After you inspect the wizard’s tower of the forest service, walk past the tower and look for a red blaze trail going downhill. You want that one. It will have a bunch of fancy stone steps. Follow it down and you’ll end up in a clearing where you can see part of the ancient stone wall that once encircled the top of Fort Mountain before the locals used it as a source of building material and souvenirs to sell to tourists. There are some side trails to let you walk the old wall’s perimeter and an entertaining kiosk about the conspiracy theories surrounding who built the wall.
After all this you want to go back to the parking lot. Yes, I know the trail says there’s a leg of trail from this maze of little trails around the firetower/wall down to the Gahuti. But you’ll spend more time looking for that than its worth. Just go back to the parking lot, walk down the road to where the Gahuti Trail crosses it, (less than a minute walk from the parking lot), and get on the Gahuti there.
I personally would, again, go get the east side done first. This will also let you visit the Cool Springs Overlook before the other park visitors arrive – which is important because you must physically walk through the wooden overlook to continue on the Gahuti. If you are coming later in the day when the overlook is likely to be full, don’t get on the Gahuti where it crosses the road. Instead, go down the road a little further to the Cool Spring’s parking lot and get on the trail where it leaves the parking lot. Lot less headache than weaving a goat through an outing of the Red Hat Society.
Anyway, once you get out of the tourist magnet area the trail goes along for a ways, then drops steeply down hill. This culminates in a walk along a series of streams. At back country campsite #1 there is a big, confusing sign that says “Gahuti” on it. What this sign means is, go left instead of continuing straight ahead. Watch for the orange blazes. Not much further along you will reach the intersection with mountain biking trail #301. Go right, and watch for the Gahuti to leave this wider trail near a bridge.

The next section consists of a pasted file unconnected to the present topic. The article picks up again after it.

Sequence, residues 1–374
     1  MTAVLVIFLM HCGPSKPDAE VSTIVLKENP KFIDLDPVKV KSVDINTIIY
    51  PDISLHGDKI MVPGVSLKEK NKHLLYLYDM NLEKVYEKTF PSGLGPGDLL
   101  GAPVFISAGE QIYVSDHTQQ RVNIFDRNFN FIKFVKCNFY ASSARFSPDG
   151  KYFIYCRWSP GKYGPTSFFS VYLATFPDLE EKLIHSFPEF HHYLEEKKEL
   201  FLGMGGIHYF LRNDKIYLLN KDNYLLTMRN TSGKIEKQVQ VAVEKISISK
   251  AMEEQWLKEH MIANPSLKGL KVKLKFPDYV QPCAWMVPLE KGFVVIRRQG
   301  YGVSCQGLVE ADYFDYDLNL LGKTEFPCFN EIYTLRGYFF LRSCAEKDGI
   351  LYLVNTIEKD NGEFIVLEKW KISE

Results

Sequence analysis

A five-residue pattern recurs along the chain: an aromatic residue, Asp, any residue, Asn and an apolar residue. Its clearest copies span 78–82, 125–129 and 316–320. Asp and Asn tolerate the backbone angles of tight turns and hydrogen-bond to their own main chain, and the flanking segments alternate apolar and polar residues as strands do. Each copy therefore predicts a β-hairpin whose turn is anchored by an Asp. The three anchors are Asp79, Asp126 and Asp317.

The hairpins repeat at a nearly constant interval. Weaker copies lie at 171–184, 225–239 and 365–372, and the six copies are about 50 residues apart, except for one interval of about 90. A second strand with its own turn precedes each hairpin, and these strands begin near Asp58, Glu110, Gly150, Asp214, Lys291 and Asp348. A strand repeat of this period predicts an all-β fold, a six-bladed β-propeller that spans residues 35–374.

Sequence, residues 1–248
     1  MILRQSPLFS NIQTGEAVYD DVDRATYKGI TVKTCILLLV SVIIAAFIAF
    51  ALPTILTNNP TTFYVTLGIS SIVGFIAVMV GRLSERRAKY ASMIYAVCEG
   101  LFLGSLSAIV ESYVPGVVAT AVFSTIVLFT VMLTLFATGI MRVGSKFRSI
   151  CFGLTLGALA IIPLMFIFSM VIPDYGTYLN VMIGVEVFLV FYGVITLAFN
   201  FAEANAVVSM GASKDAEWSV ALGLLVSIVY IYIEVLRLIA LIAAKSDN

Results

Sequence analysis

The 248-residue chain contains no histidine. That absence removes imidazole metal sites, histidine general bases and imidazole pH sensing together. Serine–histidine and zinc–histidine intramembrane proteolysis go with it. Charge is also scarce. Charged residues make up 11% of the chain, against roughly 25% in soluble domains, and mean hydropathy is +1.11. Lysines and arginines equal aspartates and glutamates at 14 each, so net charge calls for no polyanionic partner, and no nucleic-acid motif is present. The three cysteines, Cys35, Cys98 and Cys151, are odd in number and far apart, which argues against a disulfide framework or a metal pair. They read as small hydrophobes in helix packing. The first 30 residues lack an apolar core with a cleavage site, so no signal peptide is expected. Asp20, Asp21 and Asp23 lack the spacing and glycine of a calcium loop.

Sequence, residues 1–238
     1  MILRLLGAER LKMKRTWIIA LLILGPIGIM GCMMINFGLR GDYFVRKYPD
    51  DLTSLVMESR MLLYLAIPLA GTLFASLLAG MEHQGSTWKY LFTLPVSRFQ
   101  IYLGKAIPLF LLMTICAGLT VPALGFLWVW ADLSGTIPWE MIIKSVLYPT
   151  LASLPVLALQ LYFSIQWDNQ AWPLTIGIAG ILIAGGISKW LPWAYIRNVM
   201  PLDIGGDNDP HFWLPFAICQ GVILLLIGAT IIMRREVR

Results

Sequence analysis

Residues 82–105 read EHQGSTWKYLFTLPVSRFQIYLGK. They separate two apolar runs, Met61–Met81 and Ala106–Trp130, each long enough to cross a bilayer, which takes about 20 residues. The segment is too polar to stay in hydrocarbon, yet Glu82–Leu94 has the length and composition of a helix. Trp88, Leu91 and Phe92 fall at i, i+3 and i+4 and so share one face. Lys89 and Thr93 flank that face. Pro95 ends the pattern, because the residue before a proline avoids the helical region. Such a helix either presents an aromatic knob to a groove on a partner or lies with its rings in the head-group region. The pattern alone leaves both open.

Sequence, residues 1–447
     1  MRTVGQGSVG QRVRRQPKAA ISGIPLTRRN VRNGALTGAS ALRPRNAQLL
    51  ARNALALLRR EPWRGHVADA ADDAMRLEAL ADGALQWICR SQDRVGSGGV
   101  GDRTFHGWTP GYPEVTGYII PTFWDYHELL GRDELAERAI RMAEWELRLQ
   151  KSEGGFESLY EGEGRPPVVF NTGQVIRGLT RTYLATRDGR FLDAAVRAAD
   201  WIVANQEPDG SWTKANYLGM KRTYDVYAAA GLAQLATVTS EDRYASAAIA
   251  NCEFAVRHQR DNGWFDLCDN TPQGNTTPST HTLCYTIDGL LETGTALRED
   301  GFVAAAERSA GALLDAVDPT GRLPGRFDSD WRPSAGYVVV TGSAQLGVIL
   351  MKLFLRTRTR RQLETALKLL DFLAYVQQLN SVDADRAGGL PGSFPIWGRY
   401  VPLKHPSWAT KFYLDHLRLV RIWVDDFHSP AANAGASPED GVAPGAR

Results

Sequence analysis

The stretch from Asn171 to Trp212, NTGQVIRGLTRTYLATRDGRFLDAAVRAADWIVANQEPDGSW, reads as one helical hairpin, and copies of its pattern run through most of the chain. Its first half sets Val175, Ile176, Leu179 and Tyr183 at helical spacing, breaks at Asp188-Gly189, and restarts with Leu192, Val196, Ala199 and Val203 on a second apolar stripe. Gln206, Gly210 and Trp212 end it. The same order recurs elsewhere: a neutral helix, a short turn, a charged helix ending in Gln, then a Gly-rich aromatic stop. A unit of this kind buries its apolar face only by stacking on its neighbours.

From here the Gahuti winds up hill. It comes up along Highway 52 and eventually crosses the park road right at the park entrance, and near the earlier mentioned other option for parking. Now you’re on the western side of the park. The trail will join a forest access road. The road goes out along the top of a ridge, eventually passing a glorious sitting spot with a bench that is the perfect place to stop for lunch if some mooney-eyed lovebirds aren’t already occupying it. It is also the warmest spot on the trail in the winter.
The trail passes campsite #2 and then joins up with the white blazed goldmine creek trail for a while. After the white blaze leaves the access road the Gahuti is running on will dead end into the road up to the cabins. The Gahuti veers off to the left just before the dead end. In winter you’ll be able to see the shelter marked on the map down hill from the Gahuti, and shortly after this the trail goes out onto the western edge of the mountain and the views start. Campsite #3 is out on a point looking off into the flat land beyond the mountains.
The Gahuti will meet up with Big Rock trail after you cross a small bridge. Go left to continue on Gahuti. When Gahuti meets up with Big Rock trail there’s a nice climb along what in wetter times would be a good looking stream as you clamber over and up rocks. After you leave Big Rock the trail will continue along the edge of the mountain until it meets up with the boring white trail, which has benches about every hundred yards and doesn’t appear to be visited much. Go right to follow the Gahuti when you run into your first bench and avoid this little loop trail as much as possible.
Beyond the white trail, just keep walking, and eventually the trail will bring you back up to the park road and Old Fort Parking Area.
- If you want to camp at the park ask them about their horse stables, which has stalls for rent that might also accommodate goat kind.
- The west side of Gahuti is tight and not recommended for massive beasts of burden with horns. I took a yearling instead.
- This is a high traffic park during every season but the cold one! Plan on coming early, (park opens at 7am), and choose a cold, cold day.
- You have to pay if you park inside the park. Usually $5, and bring cash.
- There are lots of acorns..so if your goat likes acorns, you may have a fight or two as they try to snack rather than hike.
- In drought all the creeks are pretty much dry and there are are no easy water sources on the Gahuti for goats.
- Park in such a way that no one can block you in at this park. Or they will.
- The park requires goats be on a 6 foot leash. However, if you get there early the Gahuti is relatively empty and with some care you can let the goat follow along at its own pace most of the time.
In sum: Screw looking for forest fires. I want to live in that awesome fire tower!